For those of you whom I have not yet had the pleasure to meet over the various forms of social media, my name is Jennifer Allaby, commonly called Jenn, and I am but one of your MFOMS Ambassadors from Canada.
My story might be a little different than most in that I was not told I had Möbius Syndrome until I was 35 years old. When I was born, in 1969, I had some of the characteristics that most of you have seen or dealt with - difficulty sucking, difficulty swallowing, really sensitive gag response, “failure to thrive” symptoms, and of course, facial palsy. Being that my signs and symptoms were present, and no-one was very concerned about any of it as long as they could feed me, further investigation was secondary to having me gain weight by any means.
As I grew older, many of the difficulties I had were either overcome or compensated for and so every specialist letter in my file concludes with “...continues to meet milestones and develop appropriately...no reason she cannot lead a full and normal life.” Well, that’s great, isn’t it? Sure. But there still was no desire to go further actually diagnose me. In hindsight, it didn’t really matter. My small hometown, Saint John, New Brunswick, did the best they could to deal with the issues at hand so I would survive infancy. After that, it was relatively easy going. I could speak, I could eat, and I could think; not always as easily as others, but we made it work.
Sometime around 1994, my aunt sent me an article about “smile surgery” that was being done on children in Toronto. It was the first I’d heard of Möbius Syndrome and for some reason, I didn’t recognise myself in the story being told. Ten years later, I was given the opportunity to have the same surgery by an awesome team at the Toronto General Hospital. It was during my assessment that I was told that I have an atypical form of Möbius. Some of the problems I’ve always had, and had assumed were just part of being “me”, were actually tied to the syndrome - spinal and chest wall abnormalities, problems with my shoulders and neck, problems with my eyes. So, I finally had a name for my wonky smile, inability to blink or turn my eyes properly, struggle to pronounce certain letters, and propensity for spilling my drinks if I am not paying attention.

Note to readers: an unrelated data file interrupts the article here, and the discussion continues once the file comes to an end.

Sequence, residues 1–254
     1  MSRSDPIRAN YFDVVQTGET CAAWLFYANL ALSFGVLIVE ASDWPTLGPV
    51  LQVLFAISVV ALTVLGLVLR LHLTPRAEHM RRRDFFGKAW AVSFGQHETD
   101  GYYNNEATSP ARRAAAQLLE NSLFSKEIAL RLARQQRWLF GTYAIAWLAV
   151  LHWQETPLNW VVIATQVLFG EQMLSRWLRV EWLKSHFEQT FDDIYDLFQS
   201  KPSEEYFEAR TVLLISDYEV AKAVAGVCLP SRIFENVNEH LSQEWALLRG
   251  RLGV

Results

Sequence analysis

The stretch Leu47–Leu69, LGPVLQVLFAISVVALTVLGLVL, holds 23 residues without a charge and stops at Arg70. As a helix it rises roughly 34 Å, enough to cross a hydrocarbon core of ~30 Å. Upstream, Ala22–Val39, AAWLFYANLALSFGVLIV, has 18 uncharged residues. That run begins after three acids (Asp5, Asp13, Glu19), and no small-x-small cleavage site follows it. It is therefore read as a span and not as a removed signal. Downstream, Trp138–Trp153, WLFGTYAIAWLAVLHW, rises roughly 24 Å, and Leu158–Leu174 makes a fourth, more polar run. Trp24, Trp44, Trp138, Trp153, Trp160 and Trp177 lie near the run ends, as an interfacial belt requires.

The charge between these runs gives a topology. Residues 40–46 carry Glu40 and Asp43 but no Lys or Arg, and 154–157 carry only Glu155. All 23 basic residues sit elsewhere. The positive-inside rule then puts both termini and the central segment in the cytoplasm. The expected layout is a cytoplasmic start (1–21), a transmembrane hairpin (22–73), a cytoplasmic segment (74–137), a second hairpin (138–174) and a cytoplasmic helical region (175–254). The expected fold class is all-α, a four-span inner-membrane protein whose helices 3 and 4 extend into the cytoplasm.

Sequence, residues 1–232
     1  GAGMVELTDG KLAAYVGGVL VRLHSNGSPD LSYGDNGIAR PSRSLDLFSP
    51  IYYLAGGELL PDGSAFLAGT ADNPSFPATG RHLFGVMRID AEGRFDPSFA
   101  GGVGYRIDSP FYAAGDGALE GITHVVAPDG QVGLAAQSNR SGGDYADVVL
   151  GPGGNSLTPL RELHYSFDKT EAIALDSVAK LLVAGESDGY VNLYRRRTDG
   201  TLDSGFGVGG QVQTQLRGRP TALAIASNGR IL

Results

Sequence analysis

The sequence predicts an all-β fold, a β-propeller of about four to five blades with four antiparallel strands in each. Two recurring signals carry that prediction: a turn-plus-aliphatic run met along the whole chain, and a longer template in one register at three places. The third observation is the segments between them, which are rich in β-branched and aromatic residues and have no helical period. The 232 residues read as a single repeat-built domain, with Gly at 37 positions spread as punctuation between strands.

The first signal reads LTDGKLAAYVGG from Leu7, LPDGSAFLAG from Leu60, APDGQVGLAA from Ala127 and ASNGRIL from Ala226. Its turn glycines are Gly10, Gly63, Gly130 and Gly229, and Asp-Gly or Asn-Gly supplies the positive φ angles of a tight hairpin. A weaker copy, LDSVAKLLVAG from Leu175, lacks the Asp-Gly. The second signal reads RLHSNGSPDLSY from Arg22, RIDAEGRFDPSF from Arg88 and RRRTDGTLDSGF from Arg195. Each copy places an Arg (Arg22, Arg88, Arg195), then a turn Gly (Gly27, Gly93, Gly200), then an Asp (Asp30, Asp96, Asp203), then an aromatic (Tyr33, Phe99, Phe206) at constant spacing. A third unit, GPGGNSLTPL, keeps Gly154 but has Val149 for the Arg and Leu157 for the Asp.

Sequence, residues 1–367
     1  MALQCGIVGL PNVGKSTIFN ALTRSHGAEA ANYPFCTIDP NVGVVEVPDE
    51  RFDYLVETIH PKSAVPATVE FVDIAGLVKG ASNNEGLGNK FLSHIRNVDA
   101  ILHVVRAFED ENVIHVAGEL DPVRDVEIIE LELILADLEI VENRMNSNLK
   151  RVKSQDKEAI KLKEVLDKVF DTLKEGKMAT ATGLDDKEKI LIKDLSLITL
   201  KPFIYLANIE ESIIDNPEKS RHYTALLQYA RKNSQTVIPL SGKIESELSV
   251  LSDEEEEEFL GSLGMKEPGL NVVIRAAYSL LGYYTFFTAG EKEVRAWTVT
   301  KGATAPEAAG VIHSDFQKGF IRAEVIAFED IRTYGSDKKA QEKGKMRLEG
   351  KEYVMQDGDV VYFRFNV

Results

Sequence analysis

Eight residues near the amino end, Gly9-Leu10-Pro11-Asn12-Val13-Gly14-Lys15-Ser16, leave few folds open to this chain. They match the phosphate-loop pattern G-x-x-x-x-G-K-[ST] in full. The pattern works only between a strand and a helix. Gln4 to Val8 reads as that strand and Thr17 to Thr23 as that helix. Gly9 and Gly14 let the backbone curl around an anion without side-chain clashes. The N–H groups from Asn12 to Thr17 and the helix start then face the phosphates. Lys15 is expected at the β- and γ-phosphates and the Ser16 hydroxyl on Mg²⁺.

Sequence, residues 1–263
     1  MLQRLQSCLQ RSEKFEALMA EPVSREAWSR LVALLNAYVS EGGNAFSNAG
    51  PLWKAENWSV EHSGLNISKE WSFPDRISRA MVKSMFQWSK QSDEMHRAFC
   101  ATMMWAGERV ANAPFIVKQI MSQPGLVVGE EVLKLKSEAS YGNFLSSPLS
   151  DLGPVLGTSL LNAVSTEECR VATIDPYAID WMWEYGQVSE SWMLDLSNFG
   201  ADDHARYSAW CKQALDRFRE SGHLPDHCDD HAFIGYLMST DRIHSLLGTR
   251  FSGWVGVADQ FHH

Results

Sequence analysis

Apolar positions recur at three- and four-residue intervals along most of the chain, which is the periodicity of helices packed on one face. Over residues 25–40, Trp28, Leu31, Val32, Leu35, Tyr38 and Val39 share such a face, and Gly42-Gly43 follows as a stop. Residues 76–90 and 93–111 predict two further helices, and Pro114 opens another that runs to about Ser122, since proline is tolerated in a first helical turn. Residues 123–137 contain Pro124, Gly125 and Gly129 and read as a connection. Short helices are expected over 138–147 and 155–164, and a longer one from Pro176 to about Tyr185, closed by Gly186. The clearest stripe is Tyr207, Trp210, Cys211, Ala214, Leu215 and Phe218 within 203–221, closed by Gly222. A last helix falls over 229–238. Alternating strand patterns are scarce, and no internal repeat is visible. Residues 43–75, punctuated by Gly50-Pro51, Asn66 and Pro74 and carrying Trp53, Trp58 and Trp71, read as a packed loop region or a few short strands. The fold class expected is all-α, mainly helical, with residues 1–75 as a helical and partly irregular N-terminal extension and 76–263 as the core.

I have never let how I look, speak, or eat, stop me from doing what I want to do. Well, never since I was a teenager, anyway. Teen years were tough but ultimately survivable. I have lived in the High Arctic, in all three Territories, plus four of the ten provinces in Canada. I have travelled with my work and for pleasure to places most Canadians never have the chance to see. I have attended and graduated from three universities. I’ve been in a wonderful relationship for over 15 years. I have many many good friends and a very full and happy life. Möbius doesn’t define me. I am fortunate enough to define it on my own terms and in my own way....and I am thrilled to be one of your MFOMS Ambassadors!
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